If that’s what prayer is being used for, it deserves to be shamed.

Jon Green graduated from Kenyon College with a B.A. in Political Science and high honors in Political Cognition. He worked as a field organizer for Congressman Tom Perriello in 2010 and a Regional Field Director for President Obama's re-election campaign in 2012. Jon writes on a number of topics, but pays especially close attention to elections, religion and political cognition. Follow him on Twitter at @_Jon_Green, and on Google+. .

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47 Responses to ““Thoughts and prayers” is basically the entire GOP platform on gun violence”

  1. Rusty Shackelford says:

    When it was polio killing this many people we did something about it.

  2. rwlorenz says:

    Republicans are thinking! Funniest comment of the year.

  3. rwlorenz says:

    “Thoughts and prayers” — the socially acceptable description also known as “meaningless daydreaming.” Worthless.

  4. DoverBill says:

    If there ain’t, I can assure you that Scalia will invent one.

  5. DoverBill says:

    Who needs prayer when ya got golden idols and multiple orgieisms?

  6. DoverBill says:

    Bless me, father, for I have sinned.

    And I get squat if I haven’t sinned?

  7. ComradeRutherford says:

    Look how well praying worked for the people of Moses’ time!

  8. ComradeRutherford says:

    “Gun control … has nothing to do with public safety.”

    Demonstrably false. A brazen lie.

  9. BeccaM says:

    You’ve had it your way for more than a generation. It’s easier now to acquire firearms — including semi-autos, large clips, and all the ammo you can eat — than ever before. We did have a rather lax assault rifle & large magazine ban for a few years, but you and your lot managed to ensure the law expired. Now assault rifles and large magazines are a common feature at the most recent mass killings.

    We’ve waited for decades, spending blood and tens of thousands of lives to appease your position that more guns would equal more safety. You’ve insisted we can’t have universal background checks and shouldn’t have waiting periods. You won’t let the gun show and private sales loopholes to be closed. You refuse to require competence checks and training for CCPs. You won’t even allow legislation to keep guns out of the hands of the mentally ill or those under serious felony charges or who have threatened to harm others. And the top kicker: You and your allies won’t even allow gun violence to be studied and analyzed.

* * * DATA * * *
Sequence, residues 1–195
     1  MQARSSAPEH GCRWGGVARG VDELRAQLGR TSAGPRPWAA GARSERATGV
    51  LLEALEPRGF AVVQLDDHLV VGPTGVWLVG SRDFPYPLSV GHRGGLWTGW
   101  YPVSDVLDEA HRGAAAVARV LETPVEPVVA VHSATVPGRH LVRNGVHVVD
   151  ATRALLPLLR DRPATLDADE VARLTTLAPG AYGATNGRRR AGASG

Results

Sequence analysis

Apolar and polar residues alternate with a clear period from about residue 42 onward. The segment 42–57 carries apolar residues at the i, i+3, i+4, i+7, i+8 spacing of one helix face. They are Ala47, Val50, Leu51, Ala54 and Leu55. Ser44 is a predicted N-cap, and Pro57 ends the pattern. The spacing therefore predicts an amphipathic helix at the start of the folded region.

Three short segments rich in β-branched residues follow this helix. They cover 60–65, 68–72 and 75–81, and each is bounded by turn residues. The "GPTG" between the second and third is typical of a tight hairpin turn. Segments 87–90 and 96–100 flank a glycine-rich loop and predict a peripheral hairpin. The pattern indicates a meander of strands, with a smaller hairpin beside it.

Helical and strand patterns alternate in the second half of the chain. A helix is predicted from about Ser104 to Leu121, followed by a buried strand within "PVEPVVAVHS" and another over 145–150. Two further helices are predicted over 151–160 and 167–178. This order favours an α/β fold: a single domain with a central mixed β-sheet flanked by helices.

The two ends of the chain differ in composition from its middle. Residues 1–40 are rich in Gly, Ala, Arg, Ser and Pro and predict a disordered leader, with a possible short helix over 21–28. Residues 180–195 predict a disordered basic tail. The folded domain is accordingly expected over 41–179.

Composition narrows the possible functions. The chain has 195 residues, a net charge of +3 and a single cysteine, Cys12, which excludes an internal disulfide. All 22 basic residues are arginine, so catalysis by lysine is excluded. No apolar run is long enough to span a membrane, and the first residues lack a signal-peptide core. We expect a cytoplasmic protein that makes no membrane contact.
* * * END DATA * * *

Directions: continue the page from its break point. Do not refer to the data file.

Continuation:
Your solution has been an abject failure. We now have, on average, at least one mass shooting every day. More guns (and you absolutely cannot in truth deny there are more guns than ever before in America) has not resulted in more safety — and before you bleat again about gun-free zones, how about you talk with your NRA and Republican leadership friends to have THEM agree to let guns into their major events? Let them put their lives on the line to prove there’s no danger inherent in letting everybody present be armed. Let’s have an open bar, too, to prove conclusively that guns + alcohol are no danger to anybody.

    Blaming gun-free zones is a red herring anyway. Why? Because in the immediate aftermath of the Oregon Community College mass murder, your type immediately tried to blame it on the college being a ‘gun-free zone’ but guess what? It oh-so-inconveniently wasn’t. There was even a guy there — ex-military — with a carry permit and he was smart enough to know if he waved his gun around, the cops were quite likely to shoot him. Why? Because there is no white hat declaring in a shooting situation that you’re the good guy and not the bad one. Yesterday, the cops were chasing down everybody who looked suspicious because they had no clue who the shooters were. Anybody visibly armed and not sporting a uniform or badge probably would’ve been shot dead.

    The supermarket at Tucson, where Giffords and others were shot. The churches in Savannah. The salon at Seal Beach California. The Sikh temple in Wisconsin. The streets of Isla Vista. The movie theater in Aurora Colorado. All of them not gun-free zones, all of them the scenes of mass killings.

    So your claim that “all mass attacks” are the result of gun-free zone laws is complete bullshit. Personally, I find it disgusting you won’t even consider reasonable gun control legislation, and how your guns-for-everyone solution is nothing but its own pro-violence political crusade, having everything to do with promoting fear and paranoia and nothing to do with public safety.

    Like I said, we’ve tried it your way for far too long and all you have to show for it is more and more mass shootings and mass murders. It’s long past time to try something different.

  10. Stephen Noyes says:

    The GOP is owned by the gun industry. Of course they even want the terrorists to buy guns if they come to America. They can stuff their “THOUGHTS and PRAYERS” down their own throats.

  11. jon moorehead says:

    You are all sorts of stupid.

  12. SocraticGadfly says:

    Here’s my hot take on Emma Green’s “prayer shaming” nuttery at The Atlantic: http://socraticgadfly.blogspot.com/2015/12/prayershaming-meet-atlanticshaming-and.html

  13. Damned_at_Random says:

    How about a 25% tax on gun and ammo sales to fund mental health services and victims compensation fund? Is there a 2nd amendment argument against that?

  14. mysticl says:

    Did they offer thoughts and prayers to the Planned parenthood victims? I didn’t think so …

  15. 2karmanot says:

    OhMyGawd (pardon the pun) is Mr. Jeebus bored and making fart sounds?